Menstrual kits prepared for shipment
Thank you for your donations to the Dignity for Refugees and Internally Displaced Women project through GlobalGiving. With your support , on August 15, Days for Girls sent 21,001 DfG Menstrual Kits to Chad. We expect the kits will arrive in-country in early October. Starting in mid-October, we will be conducting virtual training sessions for 134 individuals (80 women and 54 men) for Ambassador of Women’s Health and Men Who Know courses. Those trainers will then conduct kit distributions (including vital health education) from late October through the end of 2021. Distributions will be conducted in 13 different refugee camps in Chad. This enormous project would not have been possible without your support!
I hope you take pride in knowing what this means to thousands of women and girls. Because of your gift, we are able to mitigate the negative effects of a number of issues surrounding menstruation and female dignity for refugees and internally displaced persons (IDPs). The following are three of the specific ways your donations are bringing dignity to women and girls in refugee camps and IDP communities:
Problem #1: Disposable pads in a refugee or IDP setting are a temporary and often unsustainable fix. Disposable pads posed a challenge during lockdown because their use requires a steady supply of product month after month. When supply chains were disrupted, school-based distribution programs shut down, funding streams were reallocated, and product costs rose in some countries. As a result, access to disposable pad products decreased significantly. Supply chain, funding, and inflation issues are not unique to the current pandemic. Access to disposable menstrual supplies can also be affected by political instability, weather related disasters, inflation, and other health crises from which a region or nation may suffer. Any one of these issues can drastically reduce refugee and IDP’s access to disposable supplies.
Solution: Days for Girls pads give women and girls control over their own menstrual hygiene, month after month, without being dependent on supply chain issues. Once a refugee or IDP receives a patented Days for Girls Kit, her menstrual needs are covered for at least three years.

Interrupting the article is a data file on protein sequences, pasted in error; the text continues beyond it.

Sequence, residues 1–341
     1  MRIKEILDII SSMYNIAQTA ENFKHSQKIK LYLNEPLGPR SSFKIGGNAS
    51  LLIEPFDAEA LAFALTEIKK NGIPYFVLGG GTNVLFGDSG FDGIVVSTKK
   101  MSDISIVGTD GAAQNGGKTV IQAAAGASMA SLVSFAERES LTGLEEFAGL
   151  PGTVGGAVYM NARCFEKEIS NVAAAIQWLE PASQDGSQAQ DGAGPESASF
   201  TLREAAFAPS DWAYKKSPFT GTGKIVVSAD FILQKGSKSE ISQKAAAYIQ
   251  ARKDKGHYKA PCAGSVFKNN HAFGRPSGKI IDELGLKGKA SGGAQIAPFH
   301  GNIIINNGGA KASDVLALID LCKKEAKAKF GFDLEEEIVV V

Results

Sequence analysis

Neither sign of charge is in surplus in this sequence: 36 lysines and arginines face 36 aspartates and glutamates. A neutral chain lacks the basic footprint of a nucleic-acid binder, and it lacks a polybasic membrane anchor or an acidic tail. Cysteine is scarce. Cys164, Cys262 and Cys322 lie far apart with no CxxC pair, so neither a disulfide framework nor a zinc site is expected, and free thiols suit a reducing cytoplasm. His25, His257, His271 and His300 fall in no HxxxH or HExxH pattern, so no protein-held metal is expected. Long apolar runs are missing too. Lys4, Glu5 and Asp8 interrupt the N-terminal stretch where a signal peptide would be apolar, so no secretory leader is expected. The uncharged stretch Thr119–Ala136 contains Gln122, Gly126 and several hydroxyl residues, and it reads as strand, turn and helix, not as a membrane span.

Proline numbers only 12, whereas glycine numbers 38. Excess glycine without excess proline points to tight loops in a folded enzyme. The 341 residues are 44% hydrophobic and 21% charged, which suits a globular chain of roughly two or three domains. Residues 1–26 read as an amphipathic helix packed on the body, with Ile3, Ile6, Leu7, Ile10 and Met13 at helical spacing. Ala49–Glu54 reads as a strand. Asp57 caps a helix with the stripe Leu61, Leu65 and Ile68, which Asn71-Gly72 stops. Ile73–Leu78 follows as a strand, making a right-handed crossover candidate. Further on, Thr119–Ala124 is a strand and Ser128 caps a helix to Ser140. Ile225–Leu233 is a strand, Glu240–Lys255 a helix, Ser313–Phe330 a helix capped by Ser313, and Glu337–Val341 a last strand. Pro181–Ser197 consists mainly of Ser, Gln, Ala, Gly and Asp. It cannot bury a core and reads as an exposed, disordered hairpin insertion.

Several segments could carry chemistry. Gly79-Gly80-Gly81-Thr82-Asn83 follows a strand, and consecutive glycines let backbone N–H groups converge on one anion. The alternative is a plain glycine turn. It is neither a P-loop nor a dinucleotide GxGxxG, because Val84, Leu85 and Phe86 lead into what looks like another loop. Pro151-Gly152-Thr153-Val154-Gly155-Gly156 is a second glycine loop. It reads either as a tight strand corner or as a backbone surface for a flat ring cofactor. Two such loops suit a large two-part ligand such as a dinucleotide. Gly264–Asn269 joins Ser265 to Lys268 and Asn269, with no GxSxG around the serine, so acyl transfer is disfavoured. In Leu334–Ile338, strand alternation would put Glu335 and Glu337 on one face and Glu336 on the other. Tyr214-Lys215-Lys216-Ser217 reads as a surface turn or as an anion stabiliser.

Problem #2: Disposable pads are often the cause of unfair stigma against women and girls who reside in areas which lack adequate infrastructure. Refugee camps often do not have sufficient waste disposal. If menstruators are not able to dispose of their soiled pads properly, their pads often remain in the communities for all to see. This creates shame, embarrassment, and stigma against women and girls for the otherwise healthy process of menstruation.
Solution: When a menstruator has her own washable, reusable Days for Girls Kit, she has no need to dispose of anything. She is able to wash and reuse her kit over and over. Days for Girls Kits are purposefully made to not resemble a typical menstrual pad. The brightly colored, heavily patterned components hide stains and resemble typical washcloths. So even if the menstruator hangs the components outside to dry, she won’t have to feel embarrassed.
Problem #3: Menstruators in refugee camps often struggle to access accurate and timely information about menstruation. Lack of access to sexual and reproductive health information for both boys and girls can result in menstrual stigma and taboo, unwanted teen pregnancy, and sexual and gender-based violence.
Solution: Days for Girls distributions include vital health education. Girls learn the menstrual cycle, hygiene, anatomy, self defense, proper kit care, and ways to avoid becoming victims of human trafficking. In our Men Who Know courses, boys learn the menstrual cycle, anatomy, human trafficking, and ways to support women and girls.
These are just three of the ways that Days for Girls is using your funds to support some of the most vulnerable women and girls (and boys too!) in Chad. It is our goal to end period poverty, even in refugee settings, and with your help, our goals will become a reality.